“The oceans, despite their appearance, are not inexhaustible, vast, and infinitely forgiving.”
So said Sigourney Weaver of “Alien” fame prior to a press conference in the Capitol on Tuesday. The environmental group Natural Resources Defense Council (NRDC) had just released its video “Acid Test: The Global Challenge of Ocean Acidification,” narrated by Weaver. (Click the link to watch the full video.)
Ocean acidification is one of the big side effects of ever-increasing atmospheric CO2 levels. “There has been a lot of focus on climate change, but a lot of people don’t know about ocean acidification,” I overheard Weaver–who stood only feet away from me in a 20- by 20-foot room full of chairs, people, and cameras–saying prior to the screening of “Acid Test.” The CO2 we pump out doesn’t all just stay in the air; about 20-plus million tons per day of it goes into the water, too, forming carbonic acid, which alters the ocean’s pH and makes living difficult for some marine critters. The acidic ocean’s effects on every marine creature (a lot of which aren’t yet known) can’t yet be exactly determined, but there is still a lot that is known.
“Ocean acidification has a lot of the world’s leading scientists freaked out,” Weaver said. Although the average pH of the world’s oceans has dropped by only about 0.2 pH units since the Industrial Revolution (when we started burning lots of stuff for energy, thus jettisoning CO2 into the atmosphere), that is a bigger change than has occurred since the time of the dinosaurs’ extinction, said Lisa Suatoni, a senior scientist at NRDC who was in the film and was a panel member who answered questions after the video screening. Ocean organisms alive today are not used to handling such rapid (in an evolutionary timescale) environmental change, and we land-bound animals rely heavily on the bounty of the seas to survive. Suatoni emphasized, “You don’t have to live on the coast to have ocean acidification affect your food supply.”
“If the smallest things in the ocean are affected by ocean acidification, then it ripples all the way up the food web, making the largest things in the ocean even more in danger,” said marine ecologist Stephen R. Palumbi of Stanford University in the video. And predictions estimate that will happen in just a few decades–the “tipping point” of atmospheric CO2 concentrations that will lead to a world-average ocean acidity high enough to basically melt sea life is only 450 to 550 ppm, Suatoni said, answering a question from the audience. Current levels are around 375 ppm and increasing. To put ocean acidification in perspective, Suatoni noted in the video, “It is not necessarily a problem we’re passing off to future generations; it’s a problem that we’re generating for ourselves.”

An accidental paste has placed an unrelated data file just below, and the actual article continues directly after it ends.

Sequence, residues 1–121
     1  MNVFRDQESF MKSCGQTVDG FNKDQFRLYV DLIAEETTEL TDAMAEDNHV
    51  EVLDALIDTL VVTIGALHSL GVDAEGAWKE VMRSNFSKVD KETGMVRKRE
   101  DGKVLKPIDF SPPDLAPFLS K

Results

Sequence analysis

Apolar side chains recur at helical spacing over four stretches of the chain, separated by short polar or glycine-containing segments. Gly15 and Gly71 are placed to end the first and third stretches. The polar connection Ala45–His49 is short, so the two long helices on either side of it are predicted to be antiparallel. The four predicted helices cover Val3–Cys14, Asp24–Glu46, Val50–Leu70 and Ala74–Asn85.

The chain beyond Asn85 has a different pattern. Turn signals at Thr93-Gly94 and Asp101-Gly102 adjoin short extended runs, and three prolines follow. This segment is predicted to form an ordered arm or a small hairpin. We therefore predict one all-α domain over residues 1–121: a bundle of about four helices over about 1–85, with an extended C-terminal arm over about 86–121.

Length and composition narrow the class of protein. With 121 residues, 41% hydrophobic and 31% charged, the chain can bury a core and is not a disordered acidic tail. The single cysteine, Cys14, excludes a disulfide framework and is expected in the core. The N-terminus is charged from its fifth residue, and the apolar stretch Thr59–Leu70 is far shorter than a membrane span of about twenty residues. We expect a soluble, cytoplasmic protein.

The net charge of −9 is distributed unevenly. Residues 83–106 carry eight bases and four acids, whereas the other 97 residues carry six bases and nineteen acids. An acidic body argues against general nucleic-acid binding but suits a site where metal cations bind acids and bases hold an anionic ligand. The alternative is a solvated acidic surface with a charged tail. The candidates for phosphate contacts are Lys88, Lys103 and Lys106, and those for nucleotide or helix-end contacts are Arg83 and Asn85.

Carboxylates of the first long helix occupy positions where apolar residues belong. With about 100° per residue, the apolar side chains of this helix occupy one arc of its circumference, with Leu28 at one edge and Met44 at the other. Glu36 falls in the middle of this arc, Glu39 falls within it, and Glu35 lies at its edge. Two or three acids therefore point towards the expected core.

But what I found impressive about this short video (it is a bit more than 20 minutes long) is that it actually offered solutions to the problem, in stark contrast to a similarly focused movie released in 2007, “Crude: The Incredible Journey of Oil,” which I watched at the recent ACS national meeting here in Washington, D.C. (Click to watch the full movie.) The directors’ intended audiences were clearly different for these films, despite the topics being so similar. “Crude” was a bit of a doomsday flick, covering oil’s hundreds of millions of years of history, science, and economics, with the final message of “if we don’t do anything about CO2 emissions, we’re toast.” The focus of “Acid Test” was more narrow (ocean acidification, of course), but the film went beyond “Crude”‘s “too little, too late” and challenged legislators and individuals to support a clean-energy society with technology that already exists. “Acid Test” holds out hope–it does, in fact, end the credits with commercial fisherman Bruce Steele saying, almost sheepishly, “I have hope. You can’t fish and not have hope,” to which the legislative and press audience chuckled.
Maybe it is because I am watching videos targeted to an audience that I don’t belong to, but there seems to be so much of a focus on legislators and companies carrying the burden of changing the world and less focus on how we as individuals can change it ourselves by acting as the examples we wish to legislate others into being. We need both because legislation works only if people adhere to it and if it’s enforced. If Weaver ever gets back to me about what she does on a personal level to decrease her own carbon emissions (beyond supporting such outreach efforts), I’ll update this post, because I know that I, at least, am curious about that.
Legislation to research and monitor ocean acidification passed the House of Representatives in the 110th Congress, but it did not pass the Senate before the session ended. The bill has been introduced in both the House and the Senate in the current Congress session. Rep. Brian Baird (D-Wash.), who sponsors the House version of the bill, sat next to me during the press conference and asked the panel questions such as “How well-established is carbonic acid chemistry?” Suatoni seemed taken aback at such a simple question–it was as if both she and I were wondering the same thing: “Who is this guy?” That is, until we realized that he asked the leading question so the audience could understand how basic the chemistry is behind carbonic acid formation and the subsequent acidification of the ocean.
At the science museum where I volunteer, we mix sodium bicarbonate and acetic acid (baking soda and vinegar) to get CO2, which we pump into water using a balloon and a gas valve. It shows kids the effects of increased atmospheric CO2 levels on aquatic life–calcium carbonate “shells” representing sea life dissolve in front of their eyes. The process is simple. The solution to the problem that that process introduces is a bit more tricky, but if you follow the message in “Acid Test,” we have the answers and the technology. We just have to choose to use them.
Photos by me.
Leave a Reply